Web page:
1914 BMJ (Clinical Research Edition)  
other parts of the book, notably in the clhapter on lhydroneplirosis, which is the best of the chapters that deal with the kiidney. There is little that is original, and the author lhas drawnl largely on the wealth of German and French irological literature. He appears to have little acquaintance wvith modern English practice. For instance, if he were to use the aero-urethroscope invented by Hurry Fenwick and perfected by Wyndham Powell, lhe would not describe ulcerations and erosions of the
more » ... thra. Tlhese ulcerations are never seen with the a6ro-urethroscope, wlichl, being passed down under air distension, under control of the eye, does no damage to tlle uretlhral mucosa. The clhapters on gonorrhoea are a little disappointing, as they are veiy, prolix on thepry and not sufficiently clear on details of treatment, and it is not of practical assistance to discuss prostatitis in a separate clhapter under the lheading of diseases of the prostate, wlhen it is. part and parcel of most cases cf gonorrlloea. We are glad to read a book whllich is an earnest advocate of local treatment from the very onset of acute gonorrhoea; but we are surprised to read that the author has obtained better results With injections than with Janet's irrigations. The cllapter on serum and-vaccine therapy is excellent in tlleory, but here again it is disappointinug in practice, as none of the author's own detailed results in this line of treatment anr given,and wee slhould be surprised to learn that they are as roseate as the remarks on theory would lead us to believe. A good feature of tlle book is the excellence of the -illustrations; those illustrating. operative surgery are very clear and useful, and Plate III, a coloured plate of conditions seen by the cystoscope, is a masterpiece. NOTES ON-BOOKS. THE first volume of the British Journal of SutrgerylO presents a very handsoine. appearance owing to its amnple page, well-space.d type, and numerous illustrations. It comprises the first fouLir numbers of the periodical and contains some 750 pages. The papers7 are for the niost part of a technical sort, and will appeal mainly to operating surgeons, but each nutmber in the volume has as a frontispiece a portrait followed by a brief biography of an eminent surgeon of the past. Those in this volume are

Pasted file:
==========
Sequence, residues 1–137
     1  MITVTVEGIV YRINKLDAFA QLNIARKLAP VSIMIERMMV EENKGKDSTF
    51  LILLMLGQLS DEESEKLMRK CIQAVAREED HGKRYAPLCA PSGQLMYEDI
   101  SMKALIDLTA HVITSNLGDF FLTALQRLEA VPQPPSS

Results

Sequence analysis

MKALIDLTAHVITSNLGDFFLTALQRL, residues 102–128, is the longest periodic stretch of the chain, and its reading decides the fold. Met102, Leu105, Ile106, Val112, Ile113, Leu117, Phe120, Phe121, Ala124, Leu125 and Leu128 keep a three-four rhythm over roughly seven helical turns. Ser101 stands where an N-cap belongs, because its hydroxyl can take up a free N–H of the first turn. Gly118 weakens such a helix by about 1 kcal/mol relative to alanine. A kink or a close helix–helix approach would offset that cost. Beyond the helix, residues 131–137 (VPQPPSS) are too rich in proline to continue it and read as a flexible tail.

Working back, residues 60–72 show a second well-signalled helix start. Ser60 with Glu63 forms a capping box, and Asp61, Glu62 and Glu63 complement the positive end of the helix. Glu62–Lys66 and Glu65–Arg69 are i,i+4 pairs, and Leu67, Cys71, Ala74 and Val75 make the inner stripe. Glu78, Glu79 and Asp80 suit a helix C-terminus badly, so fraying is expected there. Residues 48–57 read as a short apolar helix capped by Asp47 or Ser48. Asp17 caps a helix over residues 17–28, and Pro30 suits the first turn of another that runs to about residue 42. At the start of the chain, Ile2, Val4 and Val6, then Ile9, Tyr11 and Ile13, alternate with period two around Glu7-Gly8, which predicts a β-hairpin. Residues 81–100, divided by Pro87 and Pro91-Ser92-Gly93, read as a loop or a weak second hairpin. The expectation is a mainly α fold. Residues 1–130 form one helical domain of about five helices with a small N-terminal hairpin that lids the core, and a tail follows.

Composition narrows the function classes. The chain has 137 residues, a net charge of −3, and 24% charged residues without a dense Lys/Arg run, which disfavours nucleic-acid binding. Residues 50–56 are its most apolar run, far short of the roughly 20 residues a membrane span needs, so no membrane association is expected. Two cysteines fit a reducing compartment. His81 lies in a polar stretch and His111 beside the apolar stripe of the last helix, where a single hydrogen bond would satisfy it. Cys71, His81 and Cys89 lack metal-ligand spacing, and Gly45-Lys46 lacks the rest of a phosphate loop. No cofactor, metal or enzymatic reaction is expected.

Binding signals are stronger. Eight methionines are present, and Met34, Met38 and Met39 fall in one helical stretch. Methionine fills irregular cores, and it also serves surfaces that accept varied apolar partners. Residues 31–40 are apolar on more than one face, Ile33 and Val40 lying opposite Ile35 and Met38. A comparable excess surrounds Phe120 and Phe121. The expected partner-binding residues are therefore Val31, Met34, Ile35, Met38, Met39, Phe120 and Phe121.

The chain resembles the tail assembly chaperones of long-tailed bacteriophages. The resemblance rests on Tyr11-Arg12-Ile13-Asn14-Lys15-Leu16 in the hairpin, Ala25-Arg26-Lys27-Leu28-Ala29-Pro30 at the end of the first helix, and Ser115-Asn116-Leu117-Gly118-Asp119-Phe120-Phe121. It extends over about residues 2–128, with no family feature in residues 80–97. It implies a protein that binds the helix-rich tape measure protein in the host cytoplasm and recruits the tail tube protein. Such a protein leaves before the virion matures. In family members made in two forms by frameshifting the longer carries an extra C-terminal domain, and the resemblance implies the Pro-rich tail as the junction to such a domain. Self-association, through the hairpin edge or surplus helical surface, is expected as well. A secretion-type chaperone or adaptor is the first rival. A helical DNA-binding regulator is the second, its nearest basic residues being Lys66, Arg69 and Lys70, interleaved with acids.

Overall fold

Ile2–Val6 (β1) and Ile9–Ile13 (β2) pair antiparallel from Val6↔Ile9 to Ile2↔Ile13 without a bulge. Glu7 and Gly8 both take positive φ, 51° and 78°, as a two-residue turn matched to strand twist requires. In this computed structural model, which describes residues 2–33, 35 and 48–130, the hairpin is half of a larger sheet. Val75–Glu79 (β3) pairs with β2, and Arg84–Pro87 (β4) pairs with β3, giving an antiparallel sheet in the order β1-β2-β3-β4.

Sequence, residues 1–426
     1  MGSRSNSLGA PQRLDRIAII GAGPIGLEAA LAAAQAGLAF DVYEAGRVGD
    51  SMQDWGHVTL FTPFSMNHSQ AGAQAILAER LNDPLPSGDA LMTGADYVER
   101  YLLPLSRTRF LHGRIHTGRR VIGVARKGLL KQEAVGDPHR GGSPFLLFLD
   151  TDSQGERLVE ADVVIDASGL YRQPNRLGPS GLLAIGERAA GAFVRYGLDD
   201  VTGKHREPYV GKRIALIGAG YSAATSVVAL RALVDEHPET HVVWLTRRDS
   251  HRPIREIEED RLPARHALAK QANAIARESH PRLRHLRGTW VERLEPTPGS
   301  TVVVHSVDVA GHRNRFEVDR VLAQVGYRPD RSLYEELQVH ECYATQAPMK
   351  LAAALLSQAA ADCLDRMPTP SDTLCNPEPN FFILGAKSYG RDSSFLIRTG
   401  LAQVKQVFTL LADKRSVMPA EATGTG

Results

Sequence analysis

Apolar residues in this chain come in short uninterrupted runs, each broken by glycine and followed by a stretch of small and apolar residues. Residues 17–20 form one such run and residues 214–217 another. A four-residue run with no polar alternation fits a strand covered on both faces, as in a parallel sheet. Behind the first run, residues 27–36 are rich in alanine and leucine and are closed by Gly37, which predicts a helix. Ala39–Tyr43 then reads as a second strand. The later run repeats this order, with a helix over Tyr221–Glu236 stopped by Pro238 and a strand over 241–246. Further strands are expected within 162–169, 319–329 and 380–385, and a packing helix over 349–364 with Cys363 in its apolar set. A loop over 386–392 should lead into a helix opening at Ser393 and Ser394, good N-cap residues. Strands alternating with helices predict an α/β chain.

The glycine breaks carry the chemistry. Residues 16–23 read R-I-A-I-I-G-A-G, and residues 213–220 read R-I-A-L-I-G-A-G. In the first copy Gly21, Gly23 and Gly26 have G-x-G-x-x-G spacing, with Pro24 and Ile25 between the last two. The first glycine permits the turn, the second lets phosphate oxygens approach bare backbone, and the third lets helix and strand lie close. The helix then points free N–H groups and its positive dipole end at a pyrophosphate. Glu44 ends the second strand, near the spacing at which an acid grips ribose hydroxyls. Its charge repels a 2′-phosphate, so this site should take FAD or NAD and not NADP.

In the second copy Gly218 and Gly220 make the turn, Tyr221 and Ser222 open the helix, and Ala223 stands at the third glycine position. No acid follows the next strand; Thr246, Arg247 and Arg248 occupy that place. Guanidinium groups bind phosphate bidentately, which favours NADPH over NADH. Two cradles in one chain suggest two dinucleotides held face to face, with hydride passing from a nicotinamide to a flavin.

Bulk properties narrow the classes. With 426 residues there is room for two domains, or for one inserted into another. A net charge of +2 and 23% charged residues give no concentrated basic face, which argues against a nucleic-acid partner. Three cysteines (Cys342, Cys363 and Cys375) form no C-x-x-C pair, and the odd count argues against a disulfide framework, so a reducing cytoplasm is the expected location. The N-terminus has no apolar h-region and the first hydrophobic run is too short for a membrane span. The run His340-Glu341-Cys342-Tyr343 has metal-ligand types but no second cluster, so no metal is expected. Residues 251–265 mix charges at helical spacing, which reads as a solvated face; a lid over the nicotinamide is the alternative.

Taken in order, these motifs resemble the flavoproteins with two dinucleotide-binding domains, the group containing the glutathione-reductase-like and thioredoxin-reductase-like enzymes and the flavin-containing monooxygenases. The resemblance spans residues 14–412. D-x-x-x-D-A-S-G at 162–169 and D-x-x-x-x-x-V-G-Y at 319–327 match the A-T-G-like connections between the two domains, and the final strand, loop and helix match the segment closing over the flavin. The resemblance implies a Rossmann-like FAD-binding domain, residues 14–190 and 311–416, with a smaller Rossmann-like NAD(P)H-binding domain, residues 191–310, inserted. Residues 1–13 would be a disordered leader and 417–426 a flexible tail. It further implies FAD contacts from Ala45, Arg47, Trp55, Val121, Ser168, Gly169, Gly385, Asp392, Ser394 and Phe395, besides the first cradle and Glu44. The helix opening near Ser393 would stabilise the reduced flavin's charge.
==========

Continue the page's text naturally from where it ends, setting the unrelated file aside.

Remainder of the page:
doi:10.1136/bmj.1.2788.1244 fatcat:hyu7s43zirakvcf6tshmrm3xtu